Bayonne TAGScoronavirusCOVID-19felix roquehealth care workersnew jerseyphil murphy SHARE By John Heinis – April 1, 2020 5:30 pm 0 Health care workers across the globe are now eligible to fight the COVID-19 outbreak in New Jersey, following an executive order signed by Gov. Phil Murphy (D) this afternoon.By John Heinis/Hudson County View“Let me just put on the Uncle Sam hat: we need you if youâ€™re watching and youâ€™re a health care worker who may have retired from out of state [or] a doctor from out of the country – we need you in a big way,” Murphy said during a press conference in Trenton this afternoon.While they aren’t mentioned explicitly in his executive order, the governor noted that nurses and doctors in their last semester are also welcome to join the battle against COVID-19 here in the Garden State.“And whether youâ€™re in New Jersey or not relevant. Weâ€™ll take folks from wherever we can find them as long as theyâ€™re properly licensed elsewhere.â€On Friday, Murphy called on anyone with medical training, including retired doctors, from across the country to volunteer in New Jersey. His new directive is now taking that call international.“The DCA [Department of Consumer Affairs] is authorized to issue a license to practice medicine and/or surgery, on a temporary basis for the duration of the State of Emergency or Public Health Emergency, whichever is longer, to any physician (including any medical doctor, doctor of osteopathic medicine, or the plenary-licensed equivalent in another country) who is licensed, in good standing, in another country,” the order says.“Provided that such physician submits an application on a form adopted by the DCA for such purpose and containing such information and certifications as the Director may require, and the Director or the relevant licensing board determines that such application should be granted.”Furthermore, the legislation waives scope-of-practice requirements for advanced-practice nurses and physician assistants.Allowing foreign doctors to join the efforts to combat COVID-19 was something recently suggested by former West New York mayor and pain management specialist Felix Roque, NJ Advance Media reported.Reached over the phone this afternoon, Roque told HCV he applauded Murphy’s decision, though urged them to start recruitment efforts as soon as possible and reiterated that he’d like to be directly involved.“My idea was to work with the military since the Office of the Surgeon General has that capacity. In conjunction with those surgeon generals, they have the ability to recruit doctors. If they set up an agency like this, Iâ€™d love to run it,” he said, noting that he led recruitment efforts during Desert Storm in 1991 and 1992.New Jersey Department of Health Commissioner Judy Persichilli said at the same presser that North Jersey hospitals are “beginning to feel the stress and strain” of the coronavirus pandemic, part of the reason why she agreed with the parameters of Murphy’s order. Bayonne man pepper sprayed, arrested after punching cop in the face, authorities say Bayonne man busted with cocaine, heroin, semi-automatic handgun after fleeing from cops Health care workers across the globe now eligible to fight COVID-19 outbreak in N.J. Share on Facebook Tweet on Twitter BayonneHobokenJersey CityNorth Bergen/GuttenbergPolitics & PolicySecaucusUnion CityWeehawkenWest New York Bayonne Previous articleAG’s Office to prosecute 6 cases involving threatening cops with COVID-19, 1 in KearnyNext articleBayonne OEM: 74-year-old man is 6th resident to die from COVID-19, 156 current cases John Heinis Bayonne RELATED ARTICLESMORE FROM AUTHOR CarePoint Health reaches deal for Cigna Health Insurance to join their network Facebook Twitter
Maury Phillips/Getty Images(MEMPHIS) — In the hour before he stepped out onto the second-floor balcony of the Lorraine Motel in Memphis and became the most famous martyr of the civil rights movement, Martin Luther King Jr. started a pillow fight.Andrew Young, the former ambassador to the United Nations, Georgia congressman and mayor of Atlanta, told ABC News that King instigated the mischief in a ground-floor room that his brother, A.D. King, was checked in on April 4, 1968.“When I walked in the door, he [Martin Luther King Jr.] said, ‘Where have you been? You haven’t called me all day long,’” said Young, who had been working with King on civil rights issues since 1957. “I said, ‘Well, I’ve been in court.’”Earlier that day, Young had testified in federal court to get a restraining order lifted on the march in support of Memphis sanitation workers, who had been on strike since early February.“He said, ‘Well, you need to find a way to get me a message,’” said Young, adding that A.D. King and Ralph Abernathy, co-founder of the Southern Christian Leadership Conference and a longtime cohort of Martin Luther King Jr., were also in the room. “I said, ‘I was on the witness stand trying to get you the right to march and keep you out of jail.’”Martin Luther King Jr. responded, “‘Oh, you’re getting smart with me’ and he picked up a pillow and threw it at me,” Young said. “And he was in a more playful mood than I had seen him in years, I mean, acting like a child. I threw the pillow back and then everybody else picked up pillows and started beating me up. It was like a bunch of 12-year-olds.”About that time, the Rev. Samuel Billy Kyles, a Memphis minister, knocked on the door, to tell Martin Luther King Jr. and the others they were late for dinner at his house, Young, now 86, recalled.Young remembered Martin Luther King Jr. saying, “‘Well, let be go upstairs and put on my shirt and tie.’”“I don’t know that it makes any difference now, but that room downstairs in the corner had originally been his room,” Young said. “And the Memphis Police asked the hotel manager could they move him upstairs because they thought they could protect him better upstairs than on the ground floor. Nobody was complaining or anything, but he couldn’t have been shot in that downstairs room.”Police had every reason to be worried about protecting Martin Luther King Jr. About a week earlier, he had led a large demonstration in Memphis for the sanitation workers, who began their strike for better wages and work conditions after two workers were crushed to death by a malfunctioning garbage truck. The demonstration on March 28, 1968, had ended in violence. Stores were looted and a 16-year-old boy was shot and killed by police.Memphis Mayor Henry Loeb III had imposed martial law and called in the National Guard to keep the peace.Mountain top speechYoung said that when Martin Luther King Jr. arrived back in Memphis on April 3, he was battling a bad cold and fever and didn’t feel up to giving a scheduled speech that night at the Mason Temple Church in Memphis. He asked Abernathy to speak for him, Young said.“When we got there, the church, which seats 11,000 people, was full and people were standing all over and around outside in the rain. So we had to send somebody back to pick him [Martin Luther King Jr.] up,” Young said.“So Ralph starts speaking and when he came in, of course, everybody disrupted Ralph’s speech,” he said. “So he got up and started this speech that ended [with] that he’d been to the mountaintop.”In the speech, the 39-year-old Martin Luther King Jr. spoke of his own mortality, telling the crowd, “Like anybody, I would like to live a long life; longevity has its place. But I’m not concerned about that now. I just want to do God’s will. And He’s allowed me to go up to the mountain. And I’ve seen the Promised Land. I may not get there with you. But I want you to know tonight, that we, as a people, will get to the Promised Land. So I’m happy, tonight.”The speech, which would be Martin Luther King Jr.’s last, proved eerily prophetic.Single shot rang outWhen Martin Luther King Jr. finished pummeling Young with pillows that fateful Thursday afternoon at the Lorraine Motel, Young waited downstairs for his friend to come out of Room 306 and join him on the ride to dinner at Kyles’ house.“When he came out of the room, I was down in the parking lot and I said, ‘You know, it’s still kind of cool and you had a cold, you weren’t feeling good last night. Why don’t your bring your top coat?’” Young said.“And he sort of lifted his head to say, ‘I don’t really … do I need a coat?’ And the shot rang out,” Young said.The time was 6:05 p.m.Remembering that Martin Luther King Jr. had been in a playful mood earlier, Young said he thought he was “clowning” or that someone had lit a firecracker.“And I looked up and saw that his shoes were still caught in the banister and he’d been sort of knocked out of his shoes,” Young said. “And when I ran up there, I saw that he was … there was a very clean wound that severed his spinal cord and the blood was all around him. I don’t even think he heard the shot or felt any pain.”Young said Martin Luther King Jr. still had a pulse, but he knew his friend was gone.“Basically my reaction was that, ‘OK, so you’ve gone to Heaven and you’ve left us here in hell,’” Young told ABC News.He said that in the immediate aftermath of the shooting, police officers swarmed the motel.In a famous photo taken by Time magazine photograph Joseph Louw, Young is seen standing near Martin Luther King Jr.’s body on the balcony with Abernathy, Kyles, the Rev. Jesse Jackson and an 18-year-old Memphis State University student in bobby socks named Mary Louise Hunt. They are all pointing in the direction the shot came from, Young said.“The police were all over on the other street and they were running toward us with their guns drawn and we were saying, ‘The shot came from over there,’” Young recalled. “Instead of going to where the shot came from, they were coming to see about us.”Martin Luther King Jr. was rushed to St. Joseph’s Hospital, where he was pronounced dead about an hour after he was felled by an assassin’s bullet.Call to widowIt was left to Young to call Martin Luther King Jr.’s widow, Coretta Scott King, who was at home in Atlanta, to break the news. He said he couldn’t go through with telling her that her husband was dead.“I said he was shot, but I didn’t tell her how bad it was,” Young said.As police and the FBI launched a manhunt for Martin Luther King Jr.’s killer, which would eventually lead to the capture of James Earl Ray two months later in London, Young and other members of Martin Luther King Jr.’s inner circle reconvened the day of the killing back in Martin Luther King Jr.’s room at the Lorraine Motel.That evening, Young and the others decided to carry on Martin Luther King Jr.’s fight for racial and economic equality.Commitment to fight on“It’s something we had to do. We had no choice,” Young said. “I think we were all committed. One of the movement’s philosophies was that if somebody was struck down doing good, whatever you were doing you had to stop it and continue his works. So as soon as we came back from the hospital, we met back in his room and decided that we would have to carry on.“And for 50 years, we’ve done that,” he said. “Even though his body is no longer with us, his spirit is. I’ve been all over the world, and I’ve never been any place where somebody didn’t ask me about Martin Luther King, and that’s more than 150 countries. He has had a continued impact on the world.”Copyright © 2018, ABC Radio. All rights reserved.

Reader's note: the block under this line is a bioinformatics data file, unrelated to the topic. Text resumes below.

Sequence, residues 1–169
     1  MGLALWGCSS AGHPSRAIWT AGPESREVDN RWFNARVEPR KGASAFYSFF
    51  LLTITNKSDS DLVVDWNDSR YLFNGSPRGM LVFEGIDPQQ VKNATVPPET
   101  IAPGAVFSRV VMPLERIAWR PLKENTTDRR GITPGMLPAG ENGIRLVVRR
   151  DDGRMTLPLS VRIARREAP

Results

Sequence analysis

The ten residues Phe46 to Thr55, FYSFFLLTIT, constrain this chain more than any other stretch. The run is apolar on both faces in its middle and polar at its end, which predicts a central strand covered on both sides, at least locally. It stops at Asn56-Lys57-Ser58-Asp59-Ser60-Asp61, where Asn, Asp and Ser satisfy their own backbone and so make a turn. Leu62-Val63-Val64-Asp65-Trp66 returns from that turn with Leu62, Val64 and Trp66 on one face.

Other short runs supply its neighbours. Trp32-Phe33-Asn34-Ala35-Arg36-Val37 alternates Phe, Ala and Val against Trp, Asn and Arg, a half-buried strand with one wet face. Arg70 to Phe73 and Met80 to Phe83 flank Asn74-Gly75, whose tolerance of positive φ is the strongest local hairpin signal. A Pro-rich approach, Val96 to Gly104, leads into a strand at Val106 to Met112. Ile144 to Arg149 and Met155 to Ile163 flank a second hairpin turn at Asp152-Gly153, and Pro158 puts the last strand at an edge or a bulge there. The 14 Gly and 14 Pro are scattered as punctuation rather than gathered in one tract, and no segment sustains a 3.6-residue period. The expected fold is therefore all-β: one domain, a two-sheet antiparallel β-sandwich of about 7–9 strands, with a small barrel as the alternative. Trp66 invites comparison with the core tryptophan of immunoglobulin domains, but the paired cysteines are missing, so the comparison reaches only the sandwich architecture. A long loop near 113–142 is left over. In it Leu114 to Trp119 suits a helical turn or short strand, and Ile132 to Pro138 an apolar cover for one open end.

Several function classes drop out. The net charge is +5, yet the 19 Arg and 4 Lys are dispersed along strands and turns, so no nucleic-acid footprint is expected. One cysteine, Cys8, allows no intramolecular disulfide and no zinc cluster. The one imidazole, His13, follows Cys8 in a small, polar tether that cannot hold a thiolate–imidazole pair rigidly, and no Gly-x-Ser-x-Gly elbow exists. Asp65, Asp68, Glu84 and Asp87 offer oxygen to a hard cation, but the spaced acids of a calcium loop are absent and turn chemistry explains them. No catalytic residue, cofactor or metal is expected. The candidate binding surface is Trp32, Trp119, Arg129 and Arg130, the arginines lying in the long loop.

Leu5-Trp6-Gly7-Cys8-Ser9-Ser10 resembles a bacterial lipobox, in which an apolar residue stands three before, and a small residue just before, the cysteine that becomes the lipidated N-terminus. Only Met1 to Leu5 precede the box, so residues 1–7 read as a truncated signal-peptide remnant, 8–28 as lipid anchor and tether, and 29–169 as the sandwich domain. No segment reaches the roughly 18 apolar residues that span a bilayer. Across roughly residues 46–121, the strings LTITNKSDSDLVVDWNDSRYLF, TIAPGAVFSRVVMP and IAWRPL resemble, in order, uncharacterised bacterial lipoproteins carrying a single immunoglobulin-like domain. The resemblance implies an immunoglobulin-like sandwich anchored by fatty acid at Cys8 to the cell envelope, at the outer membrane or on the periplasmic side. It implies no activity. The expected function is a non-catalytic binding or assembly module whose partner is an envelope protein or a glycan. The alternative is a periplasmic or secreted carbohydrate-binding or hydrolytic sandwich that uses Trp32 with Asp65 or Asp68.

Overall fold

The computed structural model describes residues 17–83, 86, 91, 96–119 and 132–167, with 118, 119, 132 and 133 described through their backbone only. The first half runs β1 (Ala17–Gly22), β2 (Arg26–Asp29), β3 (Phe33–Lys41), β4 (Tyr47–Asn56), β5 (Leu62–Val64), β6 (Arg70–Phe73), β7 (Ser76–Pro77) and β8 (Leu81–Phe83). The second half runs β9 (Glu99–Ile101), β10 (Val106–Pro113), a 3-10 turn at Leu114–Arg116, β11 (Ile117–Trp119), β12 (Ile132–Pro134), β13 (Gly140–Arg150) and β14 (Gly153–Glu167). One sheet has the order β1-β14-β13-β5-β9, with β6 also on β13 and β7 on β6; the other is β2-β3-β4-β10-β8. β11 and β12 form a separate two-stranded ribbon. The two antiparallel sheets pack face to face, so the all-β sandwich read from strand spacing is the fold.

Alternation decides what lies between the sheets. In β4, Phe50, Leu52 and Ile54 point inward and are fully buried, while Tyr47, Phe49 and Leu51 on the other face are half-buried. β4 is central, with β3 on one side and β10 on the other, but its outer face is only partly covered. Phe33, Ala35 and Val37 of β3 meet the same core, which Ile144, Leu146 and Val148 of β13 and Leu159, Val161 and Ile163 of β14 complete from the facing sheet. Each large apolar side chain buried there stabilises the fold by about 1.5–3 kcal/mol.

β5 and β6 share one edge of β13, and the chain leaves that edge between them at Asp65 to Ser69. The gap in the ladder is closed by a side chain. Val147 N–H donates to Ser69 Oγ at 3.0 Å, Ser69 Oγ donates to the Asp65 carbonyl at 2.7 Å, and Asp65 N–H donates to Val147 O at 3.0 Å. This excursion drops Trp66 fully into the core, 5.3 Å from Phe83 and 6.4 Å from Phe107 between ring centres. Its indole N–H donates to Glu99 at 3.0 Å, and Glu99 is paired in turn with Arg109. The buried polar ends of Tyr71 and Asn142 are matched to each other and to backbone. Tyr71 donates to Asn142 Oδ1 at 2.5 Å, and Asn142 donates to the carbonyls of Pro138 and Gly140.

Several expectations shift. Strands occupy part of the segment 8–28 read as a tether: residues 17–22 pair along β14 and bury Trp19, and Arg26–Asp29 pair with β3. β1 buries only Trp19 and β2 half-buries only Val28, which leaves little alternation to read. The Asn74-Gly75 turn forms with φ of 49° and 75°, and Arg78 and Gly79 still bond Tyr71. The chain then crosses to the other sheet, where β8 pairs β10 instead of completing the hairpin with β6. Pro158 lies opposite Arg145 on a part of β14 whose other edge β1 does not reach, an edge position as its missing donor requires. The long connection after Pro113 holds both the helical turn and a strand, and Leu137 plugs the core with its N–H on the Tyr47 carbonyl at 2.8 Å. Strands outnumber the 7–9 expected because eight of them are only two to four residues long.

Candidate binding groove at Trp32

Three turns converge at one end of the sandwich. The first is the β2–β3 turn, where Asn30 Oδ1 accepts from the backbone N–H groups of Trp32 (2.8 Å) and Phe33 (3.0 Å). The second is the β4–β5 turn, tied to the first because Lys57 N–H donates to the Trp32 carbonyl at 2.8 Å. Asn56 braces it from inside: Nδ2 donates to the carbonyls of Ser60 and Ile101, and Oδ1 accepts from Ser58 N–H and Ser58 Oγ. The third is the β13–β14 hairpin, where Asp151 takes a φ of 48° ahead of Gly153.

Courtesy Jake Hardy-Moore(NASHVILLE, Tenn.) — As residents in Tennessee began the laborious task of cleaning up and rebuilding their communities — and lives — after at least three tornadoes touched down in parts of the state, one family mourned and remembered a couple that was found dead in their home, side-by-side, after being married for nearly 58 years.“They exemplified what it was to love,” Jake Hardy-Moore told ABC News of his grandparents, James and Donna Eaton, on Thursday.The two were born and raised in East Nashville, and met when they were young children. After they married, the loving couple raised their family in Mount Juliet. The couple had three children, four grandchildren and six great-grandchildren. The large family was the pride of their lives.Early Tuesday morning, three devastating tornadoes ripped through Nashville and other areas of Tennessee, flattening homes, tossing airplanes and downing power lines, according to the governor. Winds reached at least 155 miles per hour — EF-3 tornado level — in Mount Juliet. At least 24 people were killed in total in Putnam, Wilson, Davidson and Benton Counties.The Eatons were among the victims.Before their deaths, Donna and James Eaton lived full and happy lives. Donna Eaton served in her church for 25 years.Pastor Phillip Dunn of First Baptist Church Mt. Juliet told the Nashville Tennesseean: “To know them was to love them.”“In 1977 they joined First Baptist Church Mt. Juliet. Jim served as deacon and they both taught many Sunday school classes over the past 43 years. Mr. Eaton was a storyteller and jokester. Many times laughing at his own jokes before he could even finish them. His career was in the transportation industry but his love was his family. He enjoyed playing golf and was looking forward to the spring to get back on the course,” an obituary online read. “Mrs. Eaton was finance director at First Baptist Church Mt. Juliet. When she retired, she still volunteered at the church in any way she could. Jim and Donna Eaton were married for over 57 years. They were a true example of God’s love in their family, their marriage, the community of Mt. Juliet. and beyond. They were humble, kind and lived life fully. Whether they were on their daily walks, cheering on the Cincinnati Reds, Bunko or card night, church fellowship or supporting their children, grandchildren and great-grandchildren through any activity they exemplified the love of God.”The couple was generous and not only volunteered at their church, but also their local hospital. They loved their family and maintained friendships with a group they’d known since high school. That group played cards with each other every Friday night, Hardy-Moore told ABC News Thursday.“They were our family’s inspiration,” he said.Copyright © 2020, ABC Audio. All rights reserved.